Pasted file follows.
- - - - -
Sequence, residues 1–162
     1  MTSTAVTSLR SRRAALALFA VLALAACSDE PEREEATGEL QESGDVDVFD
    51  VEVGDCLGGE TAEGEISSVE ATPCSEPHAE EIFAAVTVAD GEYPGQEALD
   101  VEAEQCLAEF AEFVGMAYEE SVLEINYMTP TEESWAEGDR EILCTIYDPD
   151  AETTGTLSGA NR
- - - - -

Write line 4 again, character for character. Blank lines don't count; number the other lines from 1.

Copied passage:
   101  VEAEQCLAEF AEFVGMAYEE SVLEINYMTP TEESWAEGDR EILCTIYDPD